US customs can and will seize laptops and cellphones, demand passwords

Customs sign

CustomsThe American Civil Liberties Union has brought a suit against the US government over its seizure of the laptop of a computer security consultant – a seizure carried out at a Chicago airport about a year ago without a search warrant or any charges of crimes.

According to a report in Sunday’s Boston Globe, the consultant – a former MIT researcher, David House – was returning from rest and relaxation in Mexico when federal agents seized his laptop.

According to the Globe, the government wanted to know more about House’s connections to Bradley Manning, the US Army private accused of leaking classified information to WikiLeaks.

The seizure comes as no surprise. As Globe writer Katie Johnston notes, United States ports of entry are dubbed “Constitution-free zones” by civil liberties advocates.

Barring invasive techniques such as strip seizures, government agents are free to disregard Fourth Amendment protection against unreasonable search and seizure. They don’t need reasonable suspicion or probable cause, and they can take what they like, be it laptops or smart phones.

And nab gadgets they most certainly do. Johnston writes that last year alone, 5,000 devices were seized:

The Customs and Border Protection agency says the power to seize laptops is necessary to find information about terrorists, drug smugglers, and other criminals trying to enter the country. Of the more than 340 million people who traveled across the US border in 2011, about 5,000 had laptops, cellphones, iPods, or cameras searched.

Forget privacy rights. They’re gone at ports of entry.

Department of Homeland SecurityAnd what guarantees do travelers have regarding the careful treatment of their data?

On House’s laptop, that data included contact information for WikiLeaks donors, House’s bank account passwords and family photos, and coding he had done in Mexico, Johnston writes. On other laptops, that data can include not only personal data but trade secrets.

Customs and Border Protection agency spokeswoman Joanne Ferreira told Johnston that customs officers are obligated to comply with the Trade Secrets Act, which prohibits federal employees from disclosing confidential business information.

One assumes she was referring to the Uniform Trade Secrets Act, an act put forth to provide legal framework for improved trade secret protection for industry in all 50 US states.

Well, maybe that’s some measure of protection. More likely, it’s cold comfort. For one thing, all 50 states did not sign on to the act. As of 2010, Massachusetts, New Jersey, New York, North Carolina and Texas hadn’t adopted it.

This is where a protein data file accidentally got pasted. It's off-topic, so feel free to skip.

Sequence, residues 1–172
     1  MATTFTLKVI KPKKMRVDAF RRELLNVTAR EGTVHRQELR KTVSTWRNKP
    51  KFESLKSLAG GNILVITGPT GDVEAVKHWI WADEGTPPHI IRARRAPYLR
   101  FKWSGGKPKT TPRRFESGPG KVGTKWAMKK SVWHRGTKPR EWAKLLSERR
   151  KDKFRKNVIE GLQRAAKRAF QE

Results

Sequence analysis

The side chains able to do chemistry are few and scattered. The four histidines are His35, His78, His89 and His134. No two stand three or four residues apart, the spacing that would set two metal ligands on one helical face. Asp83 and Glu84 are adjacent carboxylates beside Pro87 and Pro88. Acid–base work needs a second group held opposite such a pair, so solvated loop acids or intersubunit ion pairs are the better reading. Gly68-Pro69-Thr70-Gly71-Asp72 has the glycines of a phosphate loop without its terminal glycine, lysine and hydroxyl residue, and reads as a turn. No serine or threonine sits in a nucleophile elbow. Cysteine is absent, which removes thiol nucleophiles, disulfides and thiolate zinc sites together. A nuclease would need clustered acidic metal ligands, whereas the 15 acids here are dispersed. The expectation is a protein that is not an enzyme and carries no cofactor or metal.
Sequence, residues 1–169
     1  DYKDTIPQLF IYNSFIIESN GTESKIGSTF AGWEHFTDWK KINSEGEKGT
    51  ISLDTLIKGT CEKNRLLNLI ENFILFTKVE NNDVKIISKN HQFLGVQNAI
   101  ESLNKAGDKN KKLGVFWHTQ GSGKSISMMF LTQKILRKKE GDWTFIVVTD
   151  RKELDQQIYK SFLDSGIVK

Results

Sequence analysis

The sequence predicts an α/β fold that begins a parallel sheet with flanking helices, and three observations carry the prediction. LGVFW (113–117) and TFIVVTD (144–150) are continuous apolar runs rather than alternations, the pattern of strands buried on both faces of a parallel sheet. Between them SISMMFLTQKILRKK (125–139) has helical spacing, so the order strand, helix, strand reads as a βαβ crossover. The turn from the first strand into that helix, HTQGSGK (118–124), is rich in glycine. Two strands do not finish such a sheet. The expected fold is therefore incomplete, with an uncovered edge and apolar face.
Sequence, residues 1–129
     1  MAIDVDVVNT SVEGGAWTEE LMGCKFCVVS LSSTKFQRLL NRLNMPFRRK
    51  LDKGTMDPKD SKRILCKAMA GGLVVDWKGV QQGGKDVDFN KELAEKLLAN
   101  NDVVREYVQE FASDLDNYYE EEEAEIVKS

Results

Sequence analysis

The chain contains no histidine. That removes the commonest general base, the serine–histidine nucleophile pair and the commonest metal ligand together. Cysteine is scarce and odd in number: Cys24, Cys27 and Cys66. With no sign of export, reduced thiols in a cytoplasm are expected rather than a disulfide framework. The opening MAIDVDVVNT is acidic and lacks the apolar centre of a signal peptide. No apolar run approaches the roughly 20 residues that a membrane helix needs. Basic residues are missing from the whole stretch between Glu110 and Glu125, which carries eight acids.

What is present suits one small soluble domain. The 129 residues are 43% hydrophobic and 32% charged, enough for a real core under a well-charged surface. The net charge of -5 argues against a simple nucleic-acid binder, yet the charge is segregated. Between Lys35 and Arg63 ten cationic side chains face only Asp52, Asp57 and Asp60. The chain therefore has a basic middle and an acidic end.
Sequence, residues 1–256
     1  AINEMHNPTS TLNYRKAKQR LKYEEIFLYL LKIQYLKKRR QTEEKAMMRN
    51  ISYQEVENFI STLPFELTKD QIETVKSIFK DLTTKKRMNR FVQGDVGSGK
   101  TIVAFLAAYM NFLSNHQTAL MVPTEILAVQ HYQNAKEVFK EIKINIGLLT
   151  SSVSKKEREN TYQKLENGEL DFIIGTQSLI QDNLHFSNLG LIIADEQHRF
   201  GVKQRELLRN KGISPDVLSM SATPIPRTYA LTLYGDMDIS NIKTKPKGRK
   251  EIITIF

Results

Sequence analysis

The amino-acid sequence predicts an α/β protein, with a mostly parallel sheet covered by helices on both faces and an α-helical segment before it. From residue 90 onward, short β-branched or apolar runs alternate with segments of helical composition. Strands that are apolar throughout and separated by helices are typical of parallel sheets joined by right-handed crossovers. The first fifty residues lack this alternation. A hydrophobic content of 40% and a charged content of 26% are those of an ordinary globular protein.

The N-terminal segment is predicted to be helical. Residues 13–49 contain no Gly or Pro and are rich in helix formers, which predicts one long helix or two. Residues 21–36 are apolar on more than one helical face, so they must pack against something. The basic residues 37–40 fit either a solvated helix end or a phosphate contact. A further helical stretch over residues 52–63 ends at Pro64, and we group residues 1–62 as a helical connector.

Even if all 50 states ever do sign on to the act, would it protect our seized data from disclosure?

It’s hard to imagine that it would, given, for one, the recent peek we got into the pockmarked approach to data security that’s employed by government and military agency personnel.

CustomsThat sloppy security was evidenced by Anonymous’ Stratfor attack, the astonishing number of customers whose information was stolen in that attack, and the feeble, easily guessed passwords used by many in the military and government agencies that make up Stratfor’s clientele.

“Swordfish” as a password used by somebody working for the US Marines? Please.

House admitted to Johnston that the suit will be hard to win. It’s one of two the ACLU is bringing in an attempt to stop the U.S. government from seizing and searching devices without a reasonable suspicion of illegal activity.

House isn’t seeking damages; rather, he wants the government to give him back his data or destroy it. He also wants to know who, exactly, the feds allowed to access it.

Resisting the government isn’t a viable approach to protecting your data in these legal seizures. Johnston lists a few approaches that businesses are taking to keep trade secrets from such seizures:

  • Wipe laptops clean before you travel.
  • Move sensitive information to the cloud and retrieve it later.
  • Move information to a flash drive or external hard drive.

To which I would add three additional recommendations:

  • Encrypt whatever device to which you transfer sensitive information. All you have to do is poke through the lost & found at a transit station to realize that USB drives, at least, fall from our pockets like leaves from autumn trees.
  • If you travel frequently, consider buying a second laptop to bring in order to leave your personal computer at home.
  • Make sure everybody at your organization knows the current state of federal power in this matter.

Johnston notes that a recent survey by the Association of Corporate Travel Executives found that nearly half of the participating companies didn’t have a clue about how vulnerable their employees were to having their gadgets inspected, copied or confiscated.

So now we know. Spread the word.